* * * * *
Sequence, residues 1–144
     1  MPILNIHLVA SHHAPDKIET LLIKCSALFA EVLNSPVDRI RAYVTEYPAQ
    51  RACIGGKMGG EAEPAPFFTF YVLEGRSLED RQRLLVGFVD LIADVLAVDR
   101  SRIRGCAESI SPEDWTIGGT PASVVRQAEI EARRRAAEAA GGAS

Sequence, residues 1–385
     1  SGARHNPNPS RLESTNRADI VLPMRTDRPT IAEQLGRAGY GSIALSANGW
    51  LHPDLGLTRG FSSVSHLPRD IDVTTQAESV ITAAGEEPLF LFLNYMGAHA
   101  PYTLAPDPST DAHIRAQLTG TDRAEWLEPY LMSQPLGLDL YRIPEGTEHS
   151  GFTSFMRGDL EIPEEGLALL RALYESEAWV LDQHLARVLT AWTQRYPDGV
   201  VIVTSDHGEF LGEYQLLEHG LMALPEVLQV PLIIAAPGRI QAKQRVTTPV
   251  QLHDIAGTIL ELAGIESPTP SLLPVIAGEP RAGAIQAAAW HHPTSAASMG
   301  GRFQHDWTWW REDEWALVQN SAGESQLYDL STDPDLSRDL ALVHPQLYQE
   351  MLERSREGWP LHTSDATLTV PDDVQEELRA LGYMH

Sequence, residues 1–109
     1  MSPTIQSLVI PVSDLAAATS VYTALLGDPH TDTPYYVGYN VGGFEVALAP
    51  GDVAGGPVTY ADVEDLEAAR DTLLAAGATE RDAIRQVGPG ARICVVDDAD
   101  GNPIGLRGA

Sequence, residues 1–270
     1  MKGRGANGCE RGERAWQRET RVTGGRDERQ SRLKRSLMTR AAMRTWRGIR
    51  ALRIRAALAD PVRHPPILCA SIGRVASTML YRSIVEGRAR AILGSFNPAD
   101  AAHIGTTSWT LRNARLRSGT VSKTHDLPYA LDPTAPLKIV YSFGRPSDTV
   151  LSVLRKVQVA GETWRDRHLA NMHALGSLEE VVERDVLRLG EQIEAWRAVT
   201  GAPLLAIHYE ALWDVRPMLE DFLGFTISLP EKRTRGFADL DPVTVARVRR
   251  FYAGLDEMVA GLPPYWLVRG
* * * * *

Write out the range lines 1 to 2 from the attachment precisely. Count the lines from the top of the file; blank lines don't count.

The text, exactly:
Sequence, residues 1–144
     1  MPILNIHLVA SHHAPDKIET LLIKCSALFA EVLNSPVDRI RAYVTEYPAQ